Pope Finally Calls the Sexual Abuse of Nuns “A Problem”

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The Catholic Church has been in the news a lot recently, and it’s usually not for good reasons. The church’s biggest issues begin and end with sexual abuse, with children being the most common victims because they are the easiest of targets. However, this time it’s not children, but it’s still a big problem: the sexual abuse of nuns by priests and bishops.

This week, for the first time, Pope Francis has acknowledged the sexual abuse of nuns as “a problem” in the Catholic Church, saying: “we’ve been working on this for some time.”

From the press conference that was held aboard the papal plane during a return flight to Rome from the United Arab Emirates, the Pope stated, “There have been priests and also bishops who have done that . . . I believe that it may still be being done. It’s not a thing that from the moment in which you realize it, it’s over. The thing goes forward like this. We’ve been working on this for a long time.”

Pope Emeritus Benedict XVI tried to take action about this issue before but was thwarted by Vatican insiders. “Pope Benedict had the courage to dissolve a women’s congregation that had a certain level because this slavery of women had entered, even sexual slavery, by clerics or by the founder,” the Pope said.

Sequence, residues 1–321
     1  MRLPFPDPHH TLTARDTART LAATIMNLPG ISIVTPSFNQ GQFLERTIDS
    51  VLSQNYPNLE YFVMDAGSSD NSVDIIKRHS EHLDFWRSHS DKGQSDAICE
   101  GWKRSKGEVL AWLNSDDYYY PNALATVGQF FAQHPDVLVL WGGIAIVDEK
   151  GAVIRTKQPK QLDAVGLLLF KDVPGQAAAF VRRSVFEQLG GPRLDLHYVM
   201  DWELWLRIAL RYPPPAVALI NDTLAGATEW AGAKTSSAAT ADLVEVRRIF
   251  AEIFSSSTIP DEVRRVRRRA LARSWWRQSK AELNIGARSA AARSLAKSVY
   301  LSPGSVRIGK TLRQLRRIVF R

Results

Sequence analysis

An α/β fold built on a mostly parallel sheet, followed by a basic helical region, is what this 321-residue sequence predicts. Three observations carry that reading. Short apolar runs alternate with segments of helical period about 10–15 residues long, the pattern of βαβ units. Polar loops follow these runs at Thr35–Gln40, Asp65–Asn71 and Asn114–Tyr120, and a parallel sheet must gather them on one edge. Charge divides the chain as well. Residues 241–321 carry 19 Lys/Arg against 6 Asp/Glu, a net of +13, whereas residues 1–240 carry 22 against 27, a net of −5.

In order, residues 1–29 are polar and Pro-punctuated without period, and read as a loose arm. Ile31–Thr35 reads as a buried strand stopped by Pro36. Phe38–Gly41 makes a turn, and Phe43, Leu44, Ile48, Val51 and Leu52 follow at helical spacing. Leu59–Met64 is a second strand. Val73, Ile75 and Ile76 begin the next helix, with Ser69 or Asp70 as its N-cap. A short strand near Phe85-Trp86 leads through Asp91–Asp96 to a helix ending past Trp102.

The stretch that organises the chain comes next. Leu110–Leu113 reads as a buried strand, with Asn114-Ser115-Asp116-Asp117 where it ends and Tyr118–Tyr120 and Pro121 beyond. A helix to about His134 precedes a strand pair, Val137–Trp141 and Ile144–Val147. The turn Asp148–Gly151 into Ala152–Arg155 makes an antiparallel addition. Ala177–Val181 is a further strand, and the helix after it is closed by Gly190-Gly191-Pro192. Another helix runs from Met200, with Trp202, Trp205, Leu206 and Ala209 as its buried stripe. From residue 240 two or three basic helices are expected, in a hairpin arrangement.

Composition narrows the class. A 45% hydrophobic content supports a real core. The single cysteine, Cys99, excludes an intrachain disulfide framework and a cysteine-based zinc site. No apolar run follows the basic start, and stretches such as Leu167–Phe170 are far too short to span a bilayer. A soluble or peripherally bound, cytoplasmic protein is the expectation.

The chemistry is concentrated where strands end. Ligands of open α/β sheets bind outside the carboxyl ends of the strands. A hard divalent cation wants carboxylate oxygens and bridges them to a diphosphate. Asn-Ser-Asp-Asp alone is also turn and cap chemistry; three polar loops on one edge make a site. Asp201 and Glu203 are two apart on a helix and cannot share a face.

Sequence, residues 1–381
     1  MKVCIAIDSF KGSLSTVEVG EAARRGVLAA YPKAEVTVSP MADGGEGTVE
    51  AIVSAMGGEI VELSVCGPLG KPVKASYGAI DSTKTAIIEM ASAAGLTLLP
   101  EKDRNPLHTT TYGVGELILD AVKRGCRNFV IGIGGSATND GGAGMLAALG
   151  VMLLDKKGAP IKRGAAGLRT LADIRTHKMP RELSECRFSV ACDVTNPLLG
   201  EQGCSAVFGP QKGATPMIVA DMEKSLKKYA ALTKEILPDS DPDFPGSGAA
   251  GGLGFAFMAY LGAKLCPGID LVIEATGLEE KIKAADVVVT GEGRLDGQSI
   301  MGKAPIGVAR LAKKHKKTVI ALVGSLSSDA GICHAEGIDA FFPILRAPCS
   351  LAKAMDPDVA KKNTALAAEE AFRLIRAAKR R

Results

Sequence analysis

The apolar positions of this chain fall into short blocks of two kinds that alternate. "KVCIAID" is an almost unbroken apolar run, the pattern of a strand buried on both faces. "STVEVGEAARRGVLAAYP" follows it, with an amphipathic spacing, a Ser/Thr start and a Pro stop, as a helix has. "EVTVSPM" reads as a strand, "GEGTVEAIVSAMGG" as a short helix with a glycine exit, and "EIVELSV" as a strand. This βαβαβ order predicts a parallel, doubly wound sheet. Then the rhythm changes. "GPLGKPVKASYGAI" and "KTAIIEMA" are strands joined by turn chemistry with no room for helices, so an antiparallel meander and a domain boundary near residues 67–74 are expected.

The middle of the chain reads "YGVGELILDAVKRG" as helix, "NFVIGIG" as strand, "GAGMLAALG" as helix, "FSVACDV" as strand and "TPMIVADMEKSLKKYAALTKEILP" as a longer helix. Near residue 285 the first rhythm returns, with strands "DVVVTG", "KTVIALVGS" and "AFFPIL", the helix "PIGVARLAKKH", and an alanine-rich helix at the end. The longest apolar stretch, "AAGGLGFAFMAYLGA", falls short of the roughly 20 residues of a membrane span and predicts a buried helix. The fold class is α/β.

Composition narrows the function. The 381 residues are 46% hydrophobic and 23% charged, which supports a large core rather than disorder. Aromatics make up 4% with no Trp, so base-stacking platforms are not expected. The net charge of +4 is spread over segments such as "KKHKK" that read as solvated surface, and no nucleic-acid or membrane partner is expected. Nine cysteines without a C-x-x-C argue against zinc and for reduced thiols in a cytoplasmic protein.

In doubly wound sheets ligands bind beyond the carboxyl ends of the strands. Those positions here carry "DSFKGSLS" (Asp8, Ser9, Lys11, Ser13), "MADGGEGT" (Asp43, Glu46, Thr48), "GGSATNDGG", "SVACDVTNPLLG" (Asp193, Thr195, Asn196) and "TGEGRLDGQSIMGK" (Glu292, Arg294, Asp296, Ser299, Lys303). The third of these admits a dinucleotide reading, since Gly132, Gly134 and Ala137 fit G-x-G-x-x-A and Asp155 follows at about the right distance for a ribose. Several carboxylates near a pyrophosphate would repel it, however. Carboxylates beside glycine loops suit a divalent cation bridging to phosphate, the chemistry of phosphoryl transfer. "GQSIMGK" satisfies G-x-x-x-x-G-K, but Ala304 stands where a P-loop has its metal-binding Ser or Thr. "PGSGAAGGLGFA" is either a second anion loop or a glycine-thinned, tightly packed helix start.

In India, a group of nuns who spoke out about alleged sexual abuse by a bishop in the southern Indian state of Kerala claim the church is attempting to transfer them to other parts of the country, in an apparent attempt to silence them. All the women who received these transfer notices had supported a fellow nun who alleged last year that Bishop Franco Mulakkal had raped her thirteen times between 2014 and 2016. The incidents reportedly occurred in a guest house of the St. Franco Mission Home in Kerala.

Recently, in our own area, a Father John Bohrer of Saint Teresa of Calcutta Parish had stepped down as priest over a decades-old sex-abuse allegation.

While it is important that these issues are being addressed, there is still much more progress to be made.